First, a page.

2. Related:  There is a reasonable possibility that the procedures involved in the research caused the problem.
  3. Increased Risk:  The event(s) or information suggests that the research places subjects or others at a greater risk of harm than was previously known or recognized (including physical, psychological, economic, or social harm).

Unapproved Medical Device

A device used for a purpose or condition for which the device would require but does not have pre-market approval or an approved investigational device exemption (IDE) from FDA.

Underlying condition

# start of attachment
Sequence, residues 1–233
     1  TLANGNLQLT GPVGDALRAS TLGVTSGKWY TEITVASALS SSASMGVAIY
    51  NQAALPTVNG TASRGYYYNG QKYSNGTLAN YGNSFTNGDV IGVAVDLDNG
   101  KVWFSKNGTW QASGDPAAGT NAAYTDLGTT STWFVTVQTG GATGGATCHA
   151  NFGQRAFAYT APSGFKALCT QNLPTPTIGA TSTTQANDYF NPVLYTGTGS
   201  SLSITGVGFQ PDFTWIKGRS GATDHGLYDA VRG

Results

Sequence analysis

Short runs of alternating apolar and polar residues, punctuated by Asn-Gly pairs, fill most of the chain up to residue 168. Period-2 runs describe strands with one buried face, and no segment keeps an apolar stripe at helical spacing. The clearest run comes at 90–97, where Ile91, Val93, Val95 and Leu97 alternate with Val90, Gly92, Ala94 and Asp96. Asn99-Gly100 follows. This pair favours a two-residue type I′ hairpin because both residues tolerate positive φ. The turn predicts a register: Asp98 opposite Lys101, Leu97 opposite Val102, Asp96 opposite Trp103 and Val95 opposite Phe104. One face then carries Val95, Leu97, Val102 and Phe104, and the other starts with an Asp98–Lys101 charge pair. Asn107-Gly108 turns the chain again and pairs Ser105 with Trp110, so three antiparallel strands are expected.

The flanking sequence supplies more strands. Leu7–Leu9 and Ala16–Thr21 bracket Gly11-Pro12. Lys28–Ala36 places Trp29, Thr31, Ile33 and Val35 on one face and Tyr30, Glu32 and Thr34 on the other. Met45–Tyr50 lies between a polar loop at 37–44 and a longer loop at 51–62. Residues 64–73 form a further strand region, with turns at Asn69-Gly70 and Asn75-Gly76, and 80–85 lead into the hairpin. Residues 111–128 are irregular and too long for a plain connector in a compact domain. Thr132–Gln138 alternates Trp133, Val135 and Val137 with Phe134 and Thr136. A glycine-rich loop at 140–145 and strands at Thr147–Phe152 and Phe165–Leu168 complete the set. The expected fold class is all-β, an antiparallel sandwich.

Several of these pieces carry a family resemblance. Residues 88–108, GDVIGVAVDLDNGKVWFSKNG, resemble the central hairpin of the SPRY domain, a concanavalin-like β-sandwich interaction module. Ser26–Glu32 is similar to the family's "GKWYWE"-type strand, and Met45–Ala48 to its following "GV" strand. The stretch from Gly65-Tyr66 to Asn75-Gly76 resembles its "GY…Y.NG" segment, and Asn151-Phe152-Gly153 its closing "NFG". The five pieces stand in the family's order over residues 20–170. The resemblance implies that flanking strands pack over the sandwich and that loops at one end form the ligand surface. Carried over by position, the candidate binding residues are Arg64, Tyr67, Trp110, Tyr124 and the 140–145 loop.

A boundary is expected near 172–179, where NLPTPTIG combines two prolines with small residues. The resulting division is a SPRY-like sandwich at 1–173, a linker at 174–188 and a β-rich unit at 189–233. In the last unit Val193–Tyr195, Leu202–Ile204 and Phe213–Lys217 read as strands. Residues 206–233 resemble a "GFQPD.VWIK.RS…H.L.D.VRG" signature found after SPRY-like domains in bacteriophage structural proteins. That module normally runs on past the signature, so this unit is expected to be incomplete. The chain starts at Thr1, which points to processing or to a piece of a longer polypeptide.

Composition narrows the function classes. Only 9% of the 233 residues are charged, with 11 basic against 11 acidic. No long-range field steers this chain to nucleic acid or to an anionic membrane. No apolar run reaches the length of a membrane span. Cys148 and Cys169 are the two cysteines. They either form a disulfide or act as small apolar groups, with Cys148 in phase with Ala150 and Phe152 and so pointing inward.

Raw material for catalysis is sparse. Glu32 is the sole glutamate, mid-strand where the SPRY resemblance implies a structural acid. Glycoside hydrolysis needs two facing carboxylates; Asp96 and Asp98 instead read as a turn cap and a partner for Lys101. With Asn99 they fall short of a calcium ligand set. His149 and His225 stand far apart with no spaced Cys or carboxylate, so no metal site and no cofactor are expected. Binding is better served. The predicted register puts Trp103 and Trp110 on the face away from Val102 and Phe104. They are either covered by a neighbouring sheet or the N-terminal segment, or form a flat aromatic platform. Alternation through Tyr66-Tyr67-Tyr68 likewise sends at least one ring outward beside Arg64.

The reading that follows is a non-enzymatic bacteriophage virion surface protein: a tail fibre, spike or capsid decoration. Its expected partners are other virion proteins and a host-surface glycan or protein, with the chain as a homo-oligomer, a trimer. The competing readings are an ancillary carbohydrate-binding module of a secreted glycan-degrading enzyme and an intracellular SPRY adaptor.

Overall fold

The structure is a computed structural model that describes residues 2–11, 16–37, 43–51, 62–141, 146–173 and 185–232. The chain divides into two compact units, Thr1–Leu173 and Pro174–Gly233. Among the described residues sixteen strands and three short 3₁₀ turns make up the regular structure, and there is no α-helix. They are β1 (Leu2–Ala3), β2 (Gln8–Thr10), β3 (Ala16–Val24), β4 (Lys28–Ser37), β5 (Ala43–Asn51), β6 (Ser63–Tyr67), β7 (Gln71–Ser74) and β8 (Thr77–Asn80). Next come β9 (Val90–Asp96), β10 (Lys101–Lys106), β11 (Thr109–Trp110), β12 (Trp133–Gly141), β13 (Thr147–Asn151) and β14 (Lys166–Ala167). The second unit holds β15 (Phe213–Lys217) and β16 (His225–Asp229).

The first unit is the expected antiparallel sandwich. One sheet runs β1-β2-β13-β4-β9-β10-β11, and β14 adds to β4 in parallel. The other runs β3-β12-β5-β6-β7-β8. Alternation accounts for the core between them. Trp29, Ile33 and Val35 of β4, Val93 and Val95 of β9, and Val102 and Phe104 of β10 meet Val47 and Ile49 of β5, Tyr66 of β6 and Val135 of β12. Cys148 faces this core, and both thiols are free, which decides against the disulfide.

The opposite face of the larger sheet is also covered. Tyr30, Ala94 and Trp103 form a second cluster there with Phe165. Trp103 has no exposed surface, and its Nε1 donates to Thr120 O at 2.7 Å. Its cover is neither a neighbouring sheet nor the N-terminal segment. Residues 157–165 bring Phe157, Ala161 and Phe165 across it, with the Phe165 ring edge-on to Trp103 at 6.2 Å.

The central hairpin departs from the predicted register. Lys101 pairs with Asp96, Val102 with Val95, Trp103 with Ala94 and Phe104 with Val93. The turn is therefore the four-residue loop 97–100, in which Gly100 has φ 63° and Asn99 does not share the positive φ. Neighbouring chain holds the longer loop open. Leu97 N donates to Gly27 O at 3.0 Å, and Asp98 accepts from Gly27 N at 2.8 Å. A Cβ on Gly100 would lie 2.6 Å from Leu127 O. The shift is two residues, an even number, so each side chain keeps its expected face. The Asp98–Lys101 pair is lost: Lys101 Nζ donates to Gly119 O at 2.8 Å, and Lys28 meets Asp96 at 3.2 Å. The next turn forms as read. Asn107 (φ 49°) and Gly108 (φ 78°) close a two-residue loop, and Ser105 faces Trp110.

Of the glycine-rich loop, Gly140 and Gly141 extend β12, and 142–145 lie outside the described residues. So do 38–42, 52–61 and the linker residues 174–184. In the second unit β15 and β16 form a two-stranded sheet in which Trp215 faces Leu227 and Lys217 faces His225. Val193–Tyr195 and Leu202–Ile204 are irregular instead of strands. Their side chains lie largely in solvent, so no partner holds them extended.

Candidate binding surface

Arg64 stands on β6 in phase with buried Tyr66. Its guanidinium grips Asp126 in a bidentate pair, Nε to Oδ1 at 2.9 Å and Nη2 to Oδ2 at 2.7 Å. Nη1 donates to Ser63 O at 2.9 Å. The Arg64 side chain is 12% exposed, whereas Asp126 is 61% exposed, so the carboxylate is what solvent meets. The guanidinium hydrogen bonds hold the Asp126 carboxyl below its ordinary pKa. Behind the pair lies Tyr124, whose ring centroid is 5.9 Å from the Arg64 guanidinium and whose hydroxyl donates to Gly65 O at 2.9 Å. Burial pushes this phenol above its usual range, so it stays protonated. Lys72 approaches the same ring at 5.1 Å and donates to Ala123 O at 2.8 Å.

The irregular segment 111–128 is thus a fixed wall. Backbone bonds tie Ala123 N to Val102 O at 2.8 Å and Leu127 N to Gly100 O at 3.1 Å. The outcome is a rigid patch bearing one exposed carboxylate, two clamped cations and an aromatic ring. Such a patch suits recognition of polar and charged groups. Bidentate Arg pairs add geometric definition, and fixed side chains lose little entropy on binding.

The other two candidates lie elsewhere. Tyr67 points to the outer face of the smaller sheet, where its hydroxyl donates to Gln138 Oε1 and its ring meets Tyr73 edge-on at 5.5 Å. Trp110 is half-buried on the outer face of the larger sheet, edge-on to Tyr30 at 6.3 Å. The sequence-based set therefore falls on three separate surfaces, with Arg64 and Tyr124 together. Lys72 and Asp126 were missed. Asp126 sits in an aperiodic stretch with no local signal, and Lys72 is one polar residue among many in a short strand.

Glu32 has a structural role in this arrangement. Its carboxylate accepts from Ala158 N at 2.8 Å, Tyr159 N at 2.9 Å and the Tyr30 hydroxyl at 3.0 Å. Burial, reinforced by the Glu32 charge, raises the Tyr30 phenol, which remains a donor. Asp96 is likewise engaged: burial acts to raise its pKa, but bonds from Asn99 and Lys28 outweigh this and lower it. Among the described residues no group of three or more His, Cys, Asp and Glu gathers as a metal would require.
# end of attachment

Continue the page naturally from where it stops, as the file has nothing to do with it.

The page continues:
A disease or other circumstance affecting the research subject that is not a result of the intervention or experimental design of a research study.

Undue Influence

Excessive or inappropriate reward or other incentive in which a person is induced to act otherwise than by their own free will or without adequate consideration of the consequences.


Not identified by nature, severity or frequency in the current University IRB-approved research protocol or informed consent document

Unexpected Adverse Drug Reaction

A term used by some sponsors to refer to an adverse reaction, the nature or severity of which is not consistent with the applicable product information (e.g., Investigator's Brochures for an unapproved investigational product or package insert/summary of product characteristics for an approved product).

Unexpected Adverse Event

Any adverse event occurring in one or more subjects in a research protocol, the nature, severity, or frequency of which is not consistent with either: